Chris PayneI'm not that way, I need to have a mix of intensity and the mix of total like I like, I'm a bit of a duality, like I like to be around people. But then I also like to be totally like alone. Whereas some people prefer maybe they like being solitary all the time. Some people like being around people all the time. So it's just, there's we're humans, like, there's no, there's no, like, just cookie cutter way of doing any of this.
Jodi KatzI love God. Thank you for sharing that, Chris. This actually wraps up our interview segment. So thank you to Chris, for your honest answers and your wisdom. Okay, last part of our show is fan questions. We have a lot here. All right, so here's a good one. Um, Kathy tells us she's 64 What foundation do you recommend for mature skin with a natural luck?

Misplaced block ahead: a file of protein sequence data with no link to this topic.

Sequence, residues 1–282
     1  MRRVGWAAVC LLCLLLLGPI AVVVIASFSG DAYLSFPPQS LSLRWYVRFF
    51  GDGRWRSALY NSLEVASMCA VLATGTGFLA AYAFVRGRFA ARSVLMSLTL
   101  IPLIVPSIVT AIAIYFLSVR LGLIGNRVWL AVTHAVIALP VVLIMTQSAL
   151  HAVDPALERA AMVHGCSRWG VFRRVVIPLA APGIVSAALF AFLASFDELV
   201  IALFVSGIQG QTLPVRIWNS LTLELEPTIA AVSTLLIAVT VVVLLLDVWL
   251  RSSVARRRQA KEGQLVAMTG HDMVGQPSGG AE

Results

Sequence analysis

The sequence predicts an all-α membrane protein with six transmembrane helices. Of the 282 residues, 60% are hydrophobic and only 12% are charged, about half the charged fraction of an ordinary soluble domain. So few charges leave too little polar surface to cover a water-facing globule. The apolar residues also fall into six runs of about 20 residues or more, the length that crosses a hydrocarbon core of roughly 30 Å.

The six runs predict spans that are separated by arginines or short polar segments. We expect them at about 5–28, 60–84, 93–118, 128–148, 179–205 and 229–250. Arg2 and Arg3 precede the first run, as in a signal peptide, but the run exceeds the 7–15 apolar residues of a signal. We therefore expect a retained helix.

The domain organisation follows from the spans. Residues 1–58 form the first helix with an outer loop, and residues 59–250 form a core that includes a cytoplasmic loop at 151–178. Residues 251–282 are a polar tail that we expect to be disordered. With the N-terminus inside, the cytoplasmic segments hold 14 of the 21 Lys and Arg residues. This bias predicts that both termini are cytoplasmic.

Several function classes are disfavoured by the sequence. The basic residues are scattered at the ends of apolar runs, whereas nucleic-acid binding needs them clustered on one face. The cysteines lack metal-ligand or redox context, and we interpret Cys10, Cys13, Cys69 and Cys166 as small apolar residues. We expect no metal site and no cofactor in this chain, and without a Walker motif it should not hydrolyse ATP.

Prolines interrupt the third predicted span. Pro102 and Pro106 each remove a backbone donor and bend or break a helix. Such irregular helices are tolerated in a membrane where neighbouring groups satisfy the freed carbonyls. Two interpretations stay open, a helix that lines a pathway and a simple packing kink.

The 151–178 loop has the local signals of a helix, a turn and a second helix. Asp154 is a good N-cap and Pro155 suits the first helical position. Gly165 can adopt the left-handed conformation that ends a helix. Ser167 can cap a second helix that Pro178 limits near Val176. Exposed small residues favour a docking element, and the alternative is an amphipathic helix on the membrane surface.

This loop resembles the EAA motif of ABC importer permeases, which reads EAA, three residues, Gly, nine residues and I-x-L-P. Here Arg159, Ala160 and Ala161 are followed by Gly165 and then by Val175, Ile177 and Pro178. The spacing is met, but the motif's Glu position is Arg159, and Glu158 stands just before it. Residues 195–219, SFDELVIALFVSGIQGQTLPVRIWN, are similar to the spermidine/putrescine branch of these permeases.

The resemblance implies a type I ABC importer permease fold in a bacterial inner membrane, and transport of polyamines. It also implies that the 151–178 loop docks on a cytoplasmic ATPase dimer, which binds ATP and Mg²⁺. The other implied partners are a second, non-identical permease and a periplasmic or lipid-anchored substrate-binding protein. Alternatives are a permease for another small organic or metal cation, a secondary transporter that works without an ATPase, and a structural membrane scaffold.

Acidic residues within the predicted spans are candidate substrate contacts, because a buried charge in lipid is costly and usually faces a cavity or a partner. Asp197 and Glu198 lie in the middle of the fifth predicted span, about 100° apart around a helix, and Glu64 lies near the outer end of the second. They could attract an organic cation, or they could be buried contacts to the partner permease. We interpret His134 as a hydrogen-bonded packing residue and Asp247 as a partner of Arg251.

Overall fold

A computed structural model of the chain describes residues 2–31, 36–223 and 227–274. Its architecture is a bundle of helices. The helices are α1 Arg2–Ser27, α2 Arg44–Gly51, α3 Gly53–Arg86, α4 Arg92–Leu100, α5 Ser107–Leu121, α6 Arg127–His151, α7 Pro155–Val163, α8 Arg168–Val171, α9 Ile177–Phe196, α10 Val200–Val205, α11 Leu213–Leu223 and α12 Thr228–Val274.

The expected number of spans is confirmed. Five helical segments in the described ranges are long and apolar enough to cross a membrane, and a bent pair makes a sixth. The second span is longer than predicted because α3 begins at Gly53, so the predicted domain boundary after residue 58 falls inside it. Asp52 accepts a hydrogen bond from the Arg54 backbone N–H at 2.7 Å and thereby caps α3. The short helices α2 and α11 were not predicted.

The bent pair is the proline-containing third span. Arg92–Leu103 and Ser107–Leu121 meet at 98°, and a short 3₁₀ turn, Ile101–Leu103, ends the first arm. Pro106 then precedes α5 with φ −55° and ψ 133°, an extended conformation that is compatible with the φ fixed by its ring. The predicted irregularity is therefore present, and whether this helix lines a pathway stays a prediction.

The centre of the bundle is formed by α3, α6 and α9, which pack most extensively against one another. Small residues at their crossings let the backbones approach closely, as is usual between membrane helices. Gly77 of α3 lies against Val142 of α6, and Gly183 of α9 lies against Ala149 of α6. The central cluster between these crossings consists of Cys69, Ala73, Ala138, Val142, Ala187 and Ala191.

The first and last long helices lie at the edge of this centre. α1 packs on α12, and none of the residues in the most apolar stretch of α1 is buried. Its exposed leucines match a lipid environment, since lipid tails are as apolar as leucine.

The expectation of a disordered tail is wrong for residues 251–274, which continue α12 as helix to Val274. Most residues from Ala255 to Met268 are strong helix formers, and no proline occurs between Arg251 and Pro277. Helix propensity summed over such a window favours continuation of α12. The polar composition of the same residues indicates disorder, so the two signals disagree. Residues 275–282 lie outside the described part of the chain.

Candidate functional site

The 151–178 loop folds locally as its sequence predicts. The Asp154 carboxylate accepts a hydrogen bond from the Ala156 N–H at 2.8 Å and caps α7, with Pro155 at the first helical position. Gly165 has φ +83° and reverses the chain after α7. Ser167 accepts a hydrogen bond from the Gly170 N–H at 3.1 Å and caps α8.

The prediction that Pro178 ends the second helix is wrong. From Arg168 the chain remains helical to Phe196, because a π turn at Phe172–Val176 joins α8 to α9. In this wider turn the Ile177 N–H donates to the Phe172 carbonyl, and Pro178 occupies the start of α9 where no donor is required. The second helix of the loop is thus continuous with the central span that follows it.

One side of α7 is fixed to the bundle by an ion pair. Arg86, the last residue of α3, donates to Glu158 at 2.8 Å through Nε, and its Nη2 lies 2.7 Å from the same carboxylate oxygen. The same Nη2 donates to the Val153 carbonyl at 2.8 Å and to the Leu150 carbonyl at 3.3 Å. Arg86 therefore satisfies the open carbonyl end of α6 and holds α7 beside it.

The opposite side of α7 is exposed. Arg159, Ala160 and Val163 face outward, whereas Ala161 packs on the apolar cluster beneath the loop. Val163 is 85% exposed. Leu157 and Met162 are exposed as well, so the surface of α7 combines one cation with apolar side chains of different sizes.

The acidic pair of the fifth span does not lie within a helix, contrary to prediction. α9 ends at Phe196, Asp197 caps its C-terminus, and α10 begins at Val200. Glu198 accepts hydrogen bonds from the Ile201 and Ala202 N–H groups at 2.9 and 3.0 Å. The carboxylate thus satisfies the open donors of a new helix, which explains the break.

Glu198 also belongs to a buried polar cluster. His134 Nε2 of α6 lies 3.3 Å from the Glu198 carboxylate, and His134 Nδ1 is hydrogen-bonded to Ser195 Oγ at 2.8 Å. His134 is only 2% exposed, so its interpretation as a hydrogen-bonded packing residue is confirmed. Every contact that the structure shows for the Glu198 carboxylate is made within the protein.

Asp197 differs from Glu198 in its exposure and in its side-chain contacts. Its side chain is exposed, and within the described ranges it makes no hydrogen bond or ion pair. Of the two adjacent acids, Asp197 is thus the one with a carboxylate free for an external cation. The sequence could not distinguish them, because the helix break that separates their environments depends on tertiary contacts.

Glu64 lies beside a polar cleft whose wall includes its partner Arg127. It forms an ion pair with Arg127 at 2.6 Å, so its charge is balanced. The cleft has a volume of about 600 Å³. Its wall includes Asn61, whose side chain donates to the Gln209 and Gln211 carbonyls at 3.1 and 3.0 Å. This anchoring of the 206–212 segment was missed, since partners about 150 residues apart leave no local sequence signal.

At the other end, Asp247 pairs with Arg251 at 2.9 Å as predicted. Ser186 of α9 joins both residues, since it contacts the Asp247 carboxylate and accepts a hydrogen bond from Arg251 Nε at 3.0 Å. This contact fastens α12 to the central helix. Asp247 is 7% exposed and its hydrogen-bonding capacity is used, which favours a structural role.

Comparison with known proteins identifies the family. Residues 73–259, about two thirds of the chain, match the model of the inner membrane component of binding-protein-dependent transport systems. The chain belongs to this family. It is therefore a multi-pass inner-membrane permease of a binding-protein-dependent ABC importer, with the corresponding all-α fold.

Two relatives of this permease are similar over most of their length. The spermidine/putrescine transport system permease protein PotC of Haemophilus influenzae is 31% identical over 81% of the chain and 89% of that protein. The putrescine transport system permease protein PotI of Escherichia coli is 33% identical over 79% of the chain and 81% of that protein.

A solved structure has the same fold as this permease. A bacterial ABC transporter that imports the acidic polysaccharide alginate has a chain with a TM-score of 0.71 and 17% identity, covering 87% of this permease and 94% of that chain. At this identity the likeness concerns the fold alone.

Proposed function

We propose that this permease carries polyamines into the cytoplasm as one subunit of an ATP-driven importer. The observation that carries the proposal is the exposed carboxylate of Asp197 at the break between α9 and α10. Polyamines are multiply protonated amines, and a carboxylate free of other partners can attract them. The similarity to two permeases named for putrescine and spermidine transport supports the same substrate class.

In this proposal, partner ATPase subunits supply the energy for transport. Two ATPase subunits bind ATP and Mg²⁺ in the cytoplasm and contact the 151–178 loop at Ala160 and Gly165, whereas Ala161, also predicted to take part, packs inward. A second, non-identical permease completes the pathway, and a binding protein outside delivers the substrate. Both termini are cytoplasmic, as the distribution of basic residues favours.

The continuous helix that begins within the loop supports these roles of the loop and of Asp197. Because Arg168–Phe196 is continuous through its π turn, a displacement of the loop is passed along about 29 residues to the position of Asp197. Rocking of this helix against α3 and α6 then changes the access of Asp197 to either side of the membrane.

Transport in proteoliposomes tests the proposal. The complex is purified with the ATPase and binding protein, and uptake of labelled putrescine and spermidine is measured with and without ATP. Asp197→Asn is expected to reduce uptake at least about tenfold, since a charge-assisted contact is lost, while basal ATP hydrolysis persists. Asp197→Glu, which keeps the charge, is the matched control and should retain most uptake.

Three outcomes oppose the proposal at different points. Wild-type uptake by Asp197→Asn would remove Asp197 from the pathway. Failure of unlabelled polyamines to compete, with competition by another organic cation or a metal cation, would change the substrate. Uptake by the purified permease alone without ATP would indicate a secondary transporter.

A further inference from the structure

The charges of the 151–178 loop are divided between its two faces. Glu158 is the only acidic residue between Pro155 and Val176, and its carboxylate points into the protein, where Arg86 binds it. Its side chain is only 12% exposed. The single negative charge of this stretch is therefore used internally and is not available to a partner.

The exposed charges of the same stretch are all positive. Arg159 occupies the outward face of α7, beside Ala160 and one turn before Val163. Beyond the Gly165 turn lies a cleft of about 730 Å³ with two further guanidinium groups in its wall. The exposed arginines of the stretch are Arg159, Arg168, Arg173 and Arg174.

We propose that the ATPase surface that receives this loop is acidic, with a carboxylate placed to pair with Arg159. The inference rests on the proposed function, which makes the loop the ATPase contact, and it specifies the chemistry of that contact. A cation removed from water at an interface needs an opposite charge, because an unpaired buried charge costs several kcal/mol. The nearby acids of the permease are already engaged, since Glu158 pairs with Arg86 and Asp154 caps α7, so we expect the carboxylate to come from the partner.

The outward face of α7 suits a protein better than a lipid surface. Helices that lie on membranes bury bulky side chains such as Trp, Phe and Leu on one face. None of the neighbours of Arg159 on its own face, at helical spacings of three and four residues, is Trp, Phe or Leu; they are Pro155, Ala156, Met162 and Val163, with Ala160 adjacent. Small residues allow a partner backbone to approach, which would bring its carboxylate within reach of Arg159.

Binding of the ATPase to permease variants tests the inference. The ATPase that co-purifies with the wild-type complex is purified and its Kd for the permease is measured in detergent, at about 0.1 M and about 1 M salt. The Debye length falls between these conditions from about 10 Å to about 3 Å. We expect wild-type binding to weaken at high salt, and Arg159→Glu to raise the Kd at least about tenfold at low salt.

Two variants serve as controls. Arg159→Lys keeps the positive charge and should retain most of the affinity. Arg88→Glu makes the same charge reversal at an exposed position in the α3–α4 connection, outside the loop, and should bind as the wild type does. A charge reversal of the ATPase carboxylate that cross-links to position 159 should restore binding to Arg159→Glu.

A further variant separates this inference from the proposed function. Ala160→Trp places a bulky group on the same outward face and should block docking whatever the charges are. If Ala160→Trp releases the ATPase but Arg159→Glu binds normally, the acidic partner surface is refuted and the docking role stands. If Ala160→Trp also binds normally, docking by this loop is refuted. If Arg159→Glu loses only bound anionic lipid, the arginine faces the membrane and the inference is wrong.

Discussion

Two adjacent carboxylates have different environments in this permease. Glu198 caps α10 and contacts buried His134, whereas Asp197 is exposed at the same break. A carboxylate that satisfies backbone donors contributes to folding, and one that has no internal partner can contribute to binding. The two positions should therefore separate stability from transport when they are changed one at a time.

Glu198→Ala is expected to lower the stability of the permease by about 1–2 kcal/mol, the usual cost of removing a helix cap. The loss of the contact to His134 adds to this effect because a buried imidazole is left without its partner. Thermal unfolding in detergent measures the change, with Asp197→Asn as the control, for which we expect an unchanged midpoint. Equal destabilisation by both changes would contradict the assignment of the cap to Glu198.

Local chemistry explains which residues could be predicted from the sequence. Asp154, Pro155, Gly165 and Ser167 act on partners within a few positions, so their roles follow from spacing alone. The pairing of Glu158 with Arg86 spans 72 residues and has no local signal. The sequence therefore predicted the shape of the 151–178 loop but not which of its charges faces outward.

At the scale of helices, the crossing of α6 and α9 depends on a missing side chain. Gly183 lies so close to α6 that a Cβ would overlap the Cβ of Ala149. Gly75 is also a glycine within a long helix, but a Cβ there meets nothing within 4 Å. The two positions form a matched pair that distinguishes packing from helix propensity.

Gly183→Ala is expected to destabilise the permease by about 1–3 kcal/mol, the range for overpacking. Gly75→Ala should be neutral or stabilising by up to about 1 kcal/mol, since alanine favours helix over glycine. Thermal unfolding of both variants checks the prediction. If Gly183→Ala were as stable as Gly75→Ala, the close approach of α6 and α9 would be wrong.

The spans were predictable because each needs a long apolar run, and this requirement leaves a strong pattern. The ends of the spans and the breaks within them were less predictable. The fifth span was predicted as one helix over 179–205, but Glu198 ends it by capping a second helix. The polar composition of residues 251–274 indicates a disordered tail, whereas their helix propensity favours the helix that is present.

Chris PayneWell, honestly, you know, we have several options. That could be a great piece there. But what I might recommend, I want to be clear, I'm not a makeup artist. So I what I'm not, we I trust others with these opinions much more. But I would recommend starting off with our smoother, fair, brightening primer, you really want to always use a primer, not only does it give better makeup performance, but it's going to really be a great base to you know, to grip that makeup and to give the best performance. So I'd start with with through the fair brightening primer, I would then actually use hydro pure tinted serum, as a as a first layer. And honestly, depending on what kind of coverage you need, like that would be a wonderful that's a lot of people use that as just their their complexion item. But I would use hypertropia tinted serum, and then finish that with pure press powder. As a as the kind of more of a real foundation product. It's also pure press powder gives that real estate kind of a, it's a natural finish, it really is almost like a second skin. It's not overly matte, it's not overly dewy. You can also use amazing bass loose powder. That's kind of a preference, we just happen to sell more of the pressed powder, but that smoother, fair hydropic tinted serum PurePressed base, and then you might find it pure press the great thing about pure pressed powders that can be both a foundation as well as a concealer, you may want to use one of our other concealers depending on your skin. And depending on what your needs are. You know, that's one of the great things that we like to preach and provide is we have a range of options. So if you want light coverage, if you want medium coverage, you want full coverage, if you want to matte finish a satin finish a dewy finish, we can kind of work on this because we're not trying to we're not trying to tell you how to look. We're just trying to help you and with our professional partners, we're trying to help you bring out your best look.